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President Jacob Zuma offered condolences to the families of six people who died when a tunnel platform collapsed at an Eskom construction site near Ladysmith on Thursday.
“We mourn with the families of all the workers who have lost their lives in this tragedy, while constructing a better life not just for themselves and their families, but also for the entire country. We share their loss and their pain,” he said in a statement.
“On behalf of government and the whole country, we wish to convey our deepest condolences to the families and fellow workers. May their souls rest in peace.”
Seven people were also injured in the incident at Eskom's Ingula Pumped Storage Scheme construction site, said acting spokesman Andrew Etzinger.
Three of the injured were in critical condition and four had already been discharged from hospital, he said.
Etzinger said the tunnel in which the men were working was not damaged, contrary to initial reports of a tunnel collapse.
The men were doing welding and grouting on a platform in one of four tunnels.
“For some reason, the platform came loose and rolled down the tunnel.”
He described the platform as “a moveable vehicle which broke loose and rolled back” down the tunnel, which has a 24-degree incline. He could not say how far the platform fell.
Etzinger said the people who died were contractors and not Eskom employees.
The Department of Mineral Resources said its KwaZulu-Natal principal inspector, along with other departmental inspectors, visited the construction site.
“The department has initiated a comprehensive investigation to determine the cause of the accident, in line with provisions in the Mine Health and Safety Act,” it said in a statement.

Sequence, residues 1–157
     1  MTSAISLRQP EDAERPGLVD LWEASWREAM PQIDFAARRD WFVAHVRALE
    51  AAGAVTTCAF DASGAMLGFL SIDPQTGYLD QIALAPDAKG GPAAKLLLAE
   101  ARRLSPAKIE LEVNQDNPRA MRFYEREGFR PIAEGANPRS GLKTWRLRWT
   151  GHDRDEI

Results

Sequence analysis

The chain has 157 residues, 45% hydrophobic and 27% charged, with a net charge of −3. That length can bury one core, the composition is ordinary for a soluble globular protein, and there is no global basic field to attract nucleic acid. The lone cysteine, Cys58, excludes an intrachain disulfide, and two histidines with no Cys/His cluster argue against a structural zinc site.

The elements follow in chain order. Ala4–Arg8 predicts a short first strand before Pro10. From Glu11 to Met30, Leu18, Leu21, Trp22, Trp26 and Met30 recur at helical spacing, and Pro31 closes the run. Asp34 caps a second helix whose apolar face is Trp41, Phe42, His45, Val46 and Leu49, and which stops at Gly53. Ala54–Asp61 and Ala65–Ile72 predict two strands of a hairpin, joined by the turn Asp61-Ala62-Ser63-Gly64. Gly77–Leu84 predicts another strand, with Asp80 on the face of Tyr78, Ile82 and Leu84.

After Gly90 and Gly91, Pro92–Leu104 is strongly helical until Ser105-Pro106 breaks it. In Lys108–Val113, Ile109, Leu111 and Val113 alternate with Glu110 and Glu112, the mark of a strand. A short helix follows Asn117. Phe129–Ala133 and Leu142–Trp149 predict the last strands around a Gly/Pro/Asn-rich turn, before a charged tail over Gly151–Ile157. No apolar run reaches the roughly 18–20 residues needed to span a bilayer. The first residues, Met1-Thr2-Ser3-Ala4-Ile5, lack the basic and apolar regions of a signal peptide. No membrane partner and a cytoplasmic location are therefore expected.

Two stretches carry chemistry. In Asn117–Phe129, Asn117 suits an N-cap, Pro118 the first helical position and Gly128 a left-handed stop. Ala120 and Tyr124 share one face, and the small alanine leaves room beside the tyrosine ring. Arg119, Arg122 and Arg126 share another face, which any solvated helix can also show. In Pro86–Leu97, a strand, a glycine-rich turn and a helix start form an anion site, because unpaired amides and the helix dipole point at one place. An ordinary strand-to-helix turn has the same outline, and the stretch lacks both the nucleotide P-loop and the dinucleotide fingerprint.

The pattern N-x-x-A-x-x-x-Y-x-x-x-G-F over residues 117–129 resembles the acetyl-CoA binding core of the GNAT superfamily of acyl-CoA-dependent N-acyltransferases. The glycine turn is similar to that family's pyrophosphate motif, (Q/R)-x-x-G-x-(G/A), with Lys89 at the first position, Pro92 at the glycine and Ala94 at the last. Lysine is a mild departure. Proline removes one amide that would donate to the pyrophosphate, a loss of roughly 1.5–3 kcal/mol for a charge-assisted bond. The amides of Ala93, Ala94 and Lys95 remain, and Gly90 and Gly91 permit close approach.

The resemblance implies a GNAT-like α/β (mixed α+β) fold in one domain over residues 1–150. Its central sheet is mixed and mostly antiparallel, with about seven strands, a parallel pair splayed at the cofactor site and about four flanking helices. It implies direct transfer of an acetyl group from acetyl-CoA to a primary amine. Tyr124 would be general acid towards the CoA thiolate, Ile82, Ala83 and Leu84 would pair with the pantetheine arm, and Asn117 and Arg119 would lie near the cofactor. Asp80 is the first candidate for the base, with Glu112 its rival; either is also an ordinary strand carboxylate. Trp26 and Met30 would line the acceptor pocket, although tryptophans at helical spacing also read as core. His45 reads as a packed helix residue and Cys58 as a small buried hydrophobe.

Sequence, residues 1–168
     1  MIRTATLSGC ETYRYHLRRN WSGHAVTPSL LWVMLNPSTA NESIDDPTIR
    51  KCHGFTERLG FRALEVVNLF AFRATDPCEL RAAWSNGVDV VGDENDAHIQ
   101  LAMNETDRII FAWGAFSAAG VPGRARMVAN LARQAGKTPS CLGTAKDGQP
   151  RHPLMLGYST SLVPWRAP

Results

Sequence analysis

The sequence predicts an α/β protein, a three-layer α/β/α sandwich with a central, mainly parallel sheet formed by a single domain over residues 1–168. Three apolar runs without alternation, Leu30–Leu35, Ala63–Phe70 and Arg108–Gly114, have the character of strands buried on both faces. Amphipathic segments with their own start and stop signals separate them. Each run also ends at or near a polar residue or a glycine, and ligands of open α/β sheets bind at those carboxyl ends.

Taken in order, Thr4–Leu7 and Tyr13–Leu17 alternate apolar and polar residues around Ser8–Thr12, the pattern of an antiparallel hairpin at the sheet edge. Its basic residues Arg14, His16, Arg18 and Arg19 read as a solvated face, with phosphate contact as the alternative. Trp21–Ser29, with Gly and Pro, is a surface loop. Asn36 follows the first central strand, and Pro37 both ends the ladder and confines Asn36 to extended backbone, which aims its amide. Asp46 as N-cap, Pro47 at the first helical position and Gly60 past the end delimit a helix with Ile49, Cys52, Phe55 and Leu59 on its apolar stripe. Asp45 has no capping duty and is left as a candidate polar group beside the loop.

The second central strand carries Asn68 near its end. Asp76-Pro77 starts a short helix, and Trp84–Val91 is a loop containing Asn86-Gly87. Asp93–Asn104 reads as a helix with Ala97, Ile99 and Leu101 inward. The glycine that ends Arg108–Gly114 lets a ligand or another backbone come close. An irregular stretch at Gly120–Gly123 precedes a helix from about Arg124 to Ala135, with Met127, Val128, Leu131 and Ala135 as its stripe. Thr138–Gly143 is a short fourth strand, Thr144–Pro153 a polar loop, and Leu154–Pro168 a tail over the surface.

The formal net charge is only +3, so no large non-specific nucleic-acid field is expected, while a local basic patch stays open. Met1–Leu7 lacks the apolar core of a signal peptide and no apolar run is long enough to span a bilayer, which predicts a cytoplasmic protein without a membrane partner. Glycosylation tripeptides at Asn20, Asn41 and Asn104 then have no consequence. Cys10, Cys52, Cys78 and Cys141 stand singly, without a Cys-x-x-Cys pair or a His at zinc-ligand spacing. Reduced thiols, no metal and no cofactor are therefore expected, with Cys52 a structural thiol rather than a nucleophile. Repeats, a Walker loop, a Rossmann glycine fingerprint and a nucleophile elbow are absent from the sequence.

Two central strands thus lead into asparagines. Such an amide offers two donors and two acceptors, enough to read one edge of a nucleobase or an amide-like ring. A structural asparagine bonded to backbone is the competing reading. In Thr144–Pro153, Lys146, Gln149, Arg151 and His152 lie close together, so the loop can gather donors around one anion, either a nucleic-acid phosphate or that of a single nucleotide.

“The department would like to extend its condolences to the families of the deceased, and to wish all the injured a speedy recovery.”
Public Enterprises Minister Malusi Gigaba was saddened by the deaths, his ministry said in a statement.
“Minister Gigaba sends his sympathy and well wishes to the injured and calls on Eskom to leave no stone unturned to get to the cause of the incident and to ensure that any such possible accidents in future are averted,” it said.
KwaZulu-Natal Premier Senzo Mchunu offered condolences to the families of the six.
“We hope they open their hearts and receive peace of mind in the knowledge that their kinsmen died in the line of duty.”
Mchunu commended Eskom for “for moving swiftly to assure the people of this province and the country that an investigation will be instituted”.
“We are praying to the Almighty God to protect those who are still missing. May God grant members of the police and rescue unit strength as they carry out the rescue operation”
The Congress of South African Trade Unions in KwaZulu-Natal said it was bitter and pained at the deaths.
“We extend our sincere condolences to the bereaved families at this darkest hour... May the souls of the departed rest in eternal peace.”
The storage scheme, which is under construction, is expected to go live next year.
It involves pumping water up the Drakensberg Mountains from the Braamhoek Dam to the Bedford Dam during off-peak hours, an elevation of about 470m.
Water will then be released through the tunnels to flow down during peak hours, generating electricity. - Sapa